CVN to Replace USS Kitty Hawk in 2008
The U.S. Navy announced that one of its nine Nimitz-class
aircraft carriers will replace the USS Kitty Hawk as the forward deployed carrier
in the Western Pacific, and will arrive in Yokosuka, Japan in 2008.
The USS Kitty Hawk is nearing the end of its service life and will
return to the United States in 2008 to be decommissioned.
The United States values Japan's contributions to the peace, security
and stability of the Asia-Pacific region and its long-term commitment and
hospitality in hosting U.S. forces forward deployed there. These forces, along
with their counterparts in the Japn Self-Defense Forces, make up the core
capabilities needed by the alliance to meet our common strategic objectives.
Additionally, the forward deployment of a Nimitz-class aircraft carrier
ensures the ability of commander, U.S. Pacific Fleet to fulfill the U.S.
government's commitment to the defense of Japan, and the maintenance of
international peace and security in the Far East in support of the treaty of Mutual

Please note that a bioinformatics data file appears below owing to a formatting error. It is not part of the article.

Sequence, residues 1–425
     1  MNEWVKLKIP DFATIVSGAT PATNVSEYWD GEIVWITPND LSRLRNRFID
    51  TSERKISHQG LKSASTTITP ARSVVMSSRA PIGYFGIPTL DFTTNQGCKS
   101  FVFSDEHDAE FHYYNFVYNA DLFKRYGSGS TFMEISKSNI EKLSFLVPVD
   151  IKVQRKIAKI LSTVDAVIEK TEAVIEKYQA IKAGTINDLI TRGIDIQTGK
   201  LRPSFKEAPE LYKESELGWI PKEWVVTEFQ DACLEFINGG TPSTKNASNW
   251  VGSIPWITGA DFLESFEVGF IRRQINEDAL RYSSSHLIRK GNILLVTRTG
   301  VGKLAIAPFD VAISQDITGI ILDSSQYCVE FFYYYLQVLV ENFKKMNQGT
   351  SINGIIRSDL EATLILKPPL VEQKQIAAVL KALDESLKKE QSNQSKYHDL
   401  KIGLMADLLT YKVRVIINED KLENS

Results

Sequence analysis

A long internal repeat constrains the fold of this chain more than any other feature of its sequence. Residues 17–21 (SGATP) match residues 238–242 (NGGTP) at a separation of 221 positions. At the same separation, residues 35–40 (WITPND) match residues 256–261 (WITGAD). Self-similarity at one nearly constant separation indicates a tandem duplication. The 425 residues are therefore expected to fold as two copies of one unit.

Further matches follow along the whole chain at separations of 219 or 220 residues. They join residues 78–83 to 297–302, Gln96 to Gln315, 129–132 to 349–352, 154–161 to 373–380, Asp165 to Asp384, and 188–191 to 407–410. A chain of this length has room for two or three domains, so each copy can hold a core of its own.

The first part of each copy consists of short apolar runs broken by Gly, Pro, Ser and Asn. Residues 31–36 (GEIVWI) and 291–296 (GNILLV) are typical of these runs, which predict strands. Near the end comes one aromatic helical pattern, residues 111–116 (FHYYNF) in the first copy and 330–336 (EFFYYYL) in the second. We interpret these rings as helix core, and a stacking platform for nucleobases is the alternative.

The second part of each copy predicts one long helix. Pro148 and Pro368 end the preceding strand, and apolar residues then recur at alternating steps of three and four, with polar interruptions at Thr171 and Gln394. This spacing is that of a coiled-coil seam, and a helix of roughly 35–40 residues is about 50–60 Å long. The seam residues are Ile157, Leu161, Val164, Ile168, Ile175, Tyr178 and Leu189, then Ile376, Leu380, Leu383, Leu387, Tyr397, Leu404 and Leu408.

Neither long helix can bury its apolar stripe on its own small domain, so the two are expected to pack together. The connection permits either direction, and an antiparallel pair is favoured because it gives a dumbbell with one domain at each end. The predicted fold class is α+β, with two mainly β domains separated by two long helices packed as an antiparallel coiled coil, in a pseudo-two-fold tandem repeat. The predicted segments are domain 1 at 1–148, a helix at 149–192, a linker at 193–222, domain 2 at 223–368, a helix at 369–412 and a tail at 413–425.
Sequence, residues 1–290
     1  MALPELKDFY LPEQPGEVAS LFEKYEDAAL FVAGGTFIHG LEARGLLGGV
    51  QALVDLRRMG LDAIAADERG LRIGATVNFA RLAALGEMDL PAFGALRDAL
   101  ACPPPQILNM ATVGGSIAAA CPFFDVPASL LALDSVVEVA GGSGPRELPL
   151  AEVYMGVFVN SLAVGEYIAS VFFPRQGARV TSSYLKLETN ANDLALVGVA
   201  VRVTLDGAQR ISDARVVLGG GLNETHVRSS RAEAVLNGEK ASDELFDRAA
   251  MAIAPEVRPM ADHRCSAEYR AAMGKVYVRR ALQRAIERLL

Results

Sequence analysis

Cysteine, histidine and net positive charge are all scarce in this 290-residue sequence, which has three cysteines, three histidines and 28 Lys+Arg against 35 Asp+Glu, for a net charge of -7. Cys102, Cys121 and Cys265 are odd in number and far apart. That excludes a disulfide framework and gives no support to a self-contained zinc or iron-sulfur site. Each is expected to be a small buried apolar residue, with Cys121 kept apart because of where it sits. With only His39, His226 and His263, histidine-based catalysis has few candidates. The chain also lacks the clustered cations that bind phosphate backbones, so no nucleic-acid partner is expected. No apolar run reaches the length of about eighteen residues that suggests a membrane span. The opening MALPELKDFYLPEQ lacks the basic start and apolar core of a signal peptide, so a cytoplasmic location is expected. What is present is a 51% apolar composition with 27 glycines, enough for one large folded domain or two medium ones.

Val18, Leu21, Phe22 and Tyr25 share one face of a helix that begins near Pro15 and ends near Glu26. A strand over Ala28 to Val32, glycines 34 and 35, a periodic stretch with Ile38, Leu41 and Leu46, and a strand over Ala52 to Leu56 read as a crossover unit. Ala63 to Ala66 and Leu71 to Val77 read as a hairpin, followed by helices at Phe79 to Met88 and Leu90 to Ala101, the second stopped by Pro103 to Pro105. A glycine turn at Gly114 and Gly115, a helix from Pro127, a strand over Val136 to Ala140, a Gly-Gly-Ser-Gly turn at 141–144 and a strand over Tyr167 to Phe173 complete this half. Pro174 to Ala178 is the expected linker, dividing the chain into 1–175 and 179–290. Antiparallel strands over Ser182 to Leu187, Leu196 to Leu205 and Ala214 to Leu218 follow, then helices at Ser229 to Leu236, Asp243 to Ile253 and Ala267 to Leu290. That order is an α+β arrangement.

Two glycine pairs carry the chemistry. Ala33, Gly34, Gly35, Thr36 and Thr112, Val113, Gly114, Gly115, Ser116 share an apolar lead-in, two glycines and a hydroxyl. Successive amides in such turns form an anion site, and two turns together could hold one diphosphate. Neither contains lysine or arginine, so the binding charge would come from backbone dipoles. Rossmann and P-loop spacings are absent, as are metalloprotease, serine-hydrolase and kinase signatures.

Cooperation and Security.
The security environment in the Western Pacific region increasingly
requires that the U.S. Navy station the most capable ships forward, from
established forward-deployed positions. This posture allows the most rapid
response times possible for maritime and joint forces, and brings our most capable
ships with the greatest amount of striking power and operational capability to bear
in the timeliest manner.
This ship rotation will not necessitate a change in the assigned
airwing, nor in the compostion of the airwing. Carrier Air Wing Five will remain
the forward-deployed air wing.
This ship rotation is part of the Navy's long-range effort to routinely
replace older ships assigned to the Navy's forward deployed naval forces with newer
or more capable platforms, and is part of an ongoing effort to consider the nature
of all forward deployed forces when looking at the unpredictable security
environment in the Western Pacific.
The U.S. Navy values the friendly relations it enjoys with its host
cities in Japan, and will continue it strong and positive engagement with its host
Since 1964, U.S. nuclear-powered warships have visited Japanese ports
more than 1,200 times. From the beginning, the U.S. has provided firm commitments
to the Government of Japan regarding the safe use of Japanese ports by U.S. nuclear
powered warships and confirmed that all safety precautions and procedures followed
in connection with operations in U.S. ports will be strictly observed in foreign
ports. That commitment remains firmly in place